Park City, Utah – Filmgoers perhaps unaccustomed to the mercury in the teens and, if you are a Los Angelino, to good quality public transit, made the annual trek to Wasatch County for the 2012 Sundance Film Festival from January 20th to 29th. Among the program highlights is the Alfred P. Sloan Foundation’s Prize for a feature film that focuses on science or technology as a theme or depicts a scientist, engineer, or mathematician as a major character. Past winners have included Sleep Dealer, House of Sand, Obselidia, and Another Earth. This year, in an unprecedented split decision, the judges opted for two winners – and both films were chosen for very different reasons.
Valley of Saints tells a lyrical tale of two brother-like friends competing for the love of a woman set amid chaotic political instability in Kashmir. The film elegantly portrays a science student studying the human folly that has led to the slow destruction of a lake on which an entire culture depends. The student, a wealthy woman and an outsider, grows to care deeply about one of the friends as he helps her with her research. The entirely grounded nature of the storyline and the scientist’s character help to move the audience as a complex issue around the lake unfolds: human overuse has led to the deterioration of the water quality. The film’s smart depiction of a science student engaging with a problem of such enormous magnitude perfectly fits with Sloan’s goal of encouraging grounded explorations of the drama surrounding science’s role in solving big problems in society.
Robot & Frank, perhaps simpler in its politics, nonetheless equally paints an untraditional and touching tale of two characters who are affected deeply by science – one of which happens to be a robot. The film opens in the near future with an aging cat burglar suffering from dementia named (unsurprisingly) Frank, played delicately by Frank Langella, whose son presents him with a robot to act as a caregiver. The machine and the elderly man, after a period of being at odds, develop a surprising relationship that culminates around a conflict with affluent young locals who Frank feels are a bunch of “maroons.” The film’s exploration of humanity’s interaction with and attachment to devices made in its own image, and that may perhaps one day surpass real people as the caregivers of choice, leaves the audience with much food for thought about the future into which we all may one day retire.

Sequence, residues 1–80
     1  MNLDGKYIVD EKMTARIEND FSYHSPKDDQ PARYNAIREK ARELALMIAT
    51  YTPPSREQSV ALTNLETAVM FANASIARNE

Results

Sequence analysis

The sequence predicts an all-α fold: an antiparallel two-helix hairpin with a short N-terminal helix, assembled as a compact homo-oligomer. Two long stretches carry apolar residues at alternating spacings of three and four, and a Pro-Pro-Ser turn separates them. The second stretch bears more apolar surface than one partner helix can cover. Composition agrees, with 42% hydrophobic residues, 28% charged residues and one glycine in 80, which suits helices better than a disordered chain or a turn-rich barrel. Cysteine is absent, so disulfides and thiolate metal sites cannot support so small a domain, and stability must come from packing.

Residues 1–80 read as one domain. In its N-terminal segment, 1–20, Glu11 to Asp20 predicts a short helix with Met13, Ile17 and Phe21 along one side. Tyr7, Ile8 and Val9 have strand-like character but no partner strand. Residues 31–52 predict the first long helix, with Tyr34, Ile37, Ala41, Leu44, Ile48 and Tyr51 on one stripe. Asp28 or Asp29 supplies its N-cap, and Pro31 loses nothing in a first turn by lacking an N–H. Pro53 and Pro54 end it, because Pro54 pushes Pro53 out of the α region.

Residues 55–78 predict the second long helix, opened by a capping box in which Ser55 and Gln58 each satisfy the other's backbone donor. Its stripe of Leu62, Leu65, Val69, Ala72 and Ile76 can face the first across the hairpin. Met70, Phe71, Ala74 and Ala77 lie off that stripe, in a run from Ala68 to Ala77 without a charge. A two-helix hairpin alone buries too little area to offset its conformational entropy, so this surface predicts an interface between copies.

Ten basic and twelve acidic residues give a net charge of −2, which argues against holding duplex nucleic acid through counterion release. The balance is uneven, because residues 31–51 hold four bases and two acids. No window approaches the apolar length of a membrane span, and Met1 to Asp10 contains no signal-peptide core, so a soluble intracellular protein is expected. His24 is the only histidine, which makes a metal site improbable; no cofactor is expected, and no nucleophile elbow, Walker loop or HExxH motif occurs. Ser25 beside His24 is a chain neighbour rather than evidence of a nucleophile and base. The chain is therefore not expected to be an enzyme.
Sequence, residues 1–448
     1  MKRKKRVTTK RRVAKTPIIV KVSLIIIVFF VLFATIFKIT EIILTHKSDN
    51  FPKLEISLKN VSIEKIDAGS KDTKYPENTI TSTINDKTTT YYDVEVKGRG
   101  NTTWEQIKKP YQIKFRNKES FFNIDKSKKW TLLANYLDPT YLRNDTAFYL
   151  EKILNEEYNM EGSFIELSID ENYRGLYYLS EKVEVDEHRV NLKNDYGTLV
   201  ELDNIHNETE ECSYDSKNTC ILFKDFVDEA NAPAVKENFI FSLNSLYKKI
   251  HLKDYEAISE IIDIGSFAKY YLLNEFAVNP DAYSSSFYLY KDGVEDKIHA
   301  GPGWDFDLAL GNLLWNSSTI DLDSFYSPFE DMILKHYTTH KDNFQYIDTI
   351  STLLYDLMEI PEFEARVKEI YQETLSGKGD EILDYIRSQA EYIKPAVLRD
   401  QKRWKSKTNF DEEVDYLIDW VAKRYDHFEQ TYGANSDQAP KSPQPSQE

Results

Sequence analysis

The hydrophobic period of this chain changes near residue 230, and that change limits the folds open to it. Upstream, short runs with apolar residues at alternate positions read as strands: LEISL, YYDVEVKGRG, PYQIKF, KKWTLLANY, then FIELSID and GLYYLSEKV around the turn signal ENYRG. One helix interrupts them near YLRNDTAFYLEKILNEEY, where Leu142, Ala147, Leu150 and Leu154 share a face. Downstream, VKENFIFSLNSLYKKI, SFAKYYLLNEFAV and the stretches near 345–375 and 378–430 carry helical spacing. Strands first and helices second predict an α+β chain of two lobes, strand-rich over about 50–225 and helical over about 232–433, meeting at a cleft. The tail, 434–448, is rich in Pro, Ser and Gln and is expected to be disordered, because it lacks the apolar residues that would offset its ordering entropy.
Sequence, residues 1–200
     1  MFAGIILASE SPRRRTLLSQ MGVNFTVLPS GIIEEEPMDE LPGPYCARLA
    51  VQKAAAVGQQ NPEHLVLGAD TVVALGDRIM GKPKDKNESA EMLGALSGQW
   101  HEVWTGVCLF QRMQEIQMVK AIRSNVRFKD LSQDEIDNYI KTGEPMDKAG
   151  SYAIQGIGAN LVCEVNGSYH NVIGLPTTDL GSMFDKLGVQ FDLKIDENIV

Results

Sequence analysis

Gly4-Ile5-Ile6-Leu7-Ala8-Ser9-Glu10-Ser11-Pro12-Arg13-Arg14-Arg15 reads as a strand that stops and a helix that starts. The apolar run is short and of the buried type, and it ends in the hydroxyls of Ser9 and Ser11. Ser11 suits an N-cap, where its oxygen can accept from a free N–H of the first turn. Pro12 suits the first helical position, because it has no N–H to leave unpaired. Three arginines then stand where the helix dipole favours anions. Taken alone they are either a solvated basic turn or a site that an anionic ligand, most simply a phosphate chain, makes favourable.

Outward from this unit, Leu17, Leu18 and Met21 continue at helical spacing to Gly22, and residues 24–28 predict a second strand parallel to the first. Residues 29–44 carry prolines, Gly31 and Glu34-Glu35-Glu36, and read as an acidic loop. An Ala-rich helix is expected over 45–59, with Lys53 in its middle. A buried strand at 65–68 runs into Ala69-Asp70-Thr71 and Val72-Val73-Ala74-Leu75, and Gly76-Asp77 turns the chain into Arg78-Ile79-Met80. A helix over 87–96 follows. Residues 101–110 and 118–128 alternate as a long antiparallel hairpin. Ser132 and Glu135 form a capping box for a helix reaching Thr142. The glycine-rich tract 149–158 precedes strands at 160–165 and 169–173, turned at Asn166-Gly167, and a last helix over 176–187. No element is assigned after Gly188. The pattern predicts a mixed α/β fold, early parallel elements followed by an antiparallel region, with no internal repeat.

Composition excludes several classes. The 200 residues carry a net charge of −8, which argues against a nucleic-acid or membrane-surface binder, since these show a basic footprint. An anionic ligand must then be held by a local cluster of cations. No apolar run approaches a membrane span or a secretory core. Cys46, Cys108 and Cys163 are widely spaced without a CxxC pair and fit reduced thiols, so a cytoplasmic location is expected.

Without directly knowing the debate that may have occurred as this year’s Sloan panel of judges considered these two films, clearly both movies proved thought provoking and approached the Sloan Prize from very different directions. Valley of Saints may be more true to the problems that scientists face every day in their research; however, Robot & Frank playfully questions the future and uses its science to prod the viewer into thinking about the delicate balance between our physical need for machines to reduce labor and our increasing emotional dependence on those same gadgets. Both films used science (or science fiction) as a tool to evoke emotion in their stories and to express critical ideas.
In the end, the decision to split the prize represents exactly the spirit of the award’s purpose and the broad spectrum of Sloan’s mission. Congratulations to both films, to the Sloan judges who made what must have been a challenging decision (Tracy Day, Helen Fisher, Bob Full, Gwyn Lurie, and Alex River) and to Doron Weber from the Alfred P. Sloan Foundation for shepherding the Prize each year as a part of the Sundance Film Festival. We hope that all of The Exchange’s readership will have a chance to see both movies in the coming year. Please let us know what you think of their exploration of scientific themes and ideas!
Image credit: Valley of Saints and Robot & Frank